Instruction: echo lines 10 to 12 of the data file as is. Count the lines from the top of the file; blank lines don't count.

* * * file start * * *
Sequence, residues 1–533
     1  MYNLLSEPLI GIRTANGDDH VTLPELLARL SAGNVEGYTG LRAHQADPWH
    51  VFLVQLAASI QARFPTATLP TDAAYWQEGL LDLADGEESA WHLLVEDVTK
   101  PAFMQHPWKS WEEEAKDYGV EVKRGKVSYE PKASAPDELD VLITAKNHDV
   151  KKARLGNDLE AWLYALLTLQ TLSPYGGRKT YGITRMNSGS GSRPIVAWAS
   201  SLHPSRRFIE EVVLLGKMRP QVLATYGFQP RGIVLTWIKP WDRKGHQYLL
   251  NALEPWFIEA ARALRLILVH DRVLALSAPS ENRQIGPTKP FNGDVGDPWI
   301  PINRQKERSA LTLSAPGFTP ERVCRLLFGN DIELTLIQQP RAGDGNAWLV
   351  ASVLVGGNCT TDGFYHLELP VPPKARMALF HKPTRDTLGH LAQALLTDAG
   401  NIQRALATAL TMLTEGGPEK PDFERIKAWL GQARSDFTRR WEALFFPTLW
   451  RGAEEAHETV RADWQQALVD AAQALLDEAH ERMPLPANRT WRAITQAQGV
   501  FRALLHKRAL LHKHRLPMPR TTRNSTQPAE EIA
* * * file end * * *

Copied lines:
   401  NIQRALATAL TMLTEGGPEK PDFERIKAWL GQARSDFTRR WEALFFPTLW
   451  RGAEEAHETV RADWQQALVD AAQALLDEAH ERMPLPANRT WRAITQAQGV
   501  FRALLHKRAL LHKHRLPMPR TTRNSTQPAE EIA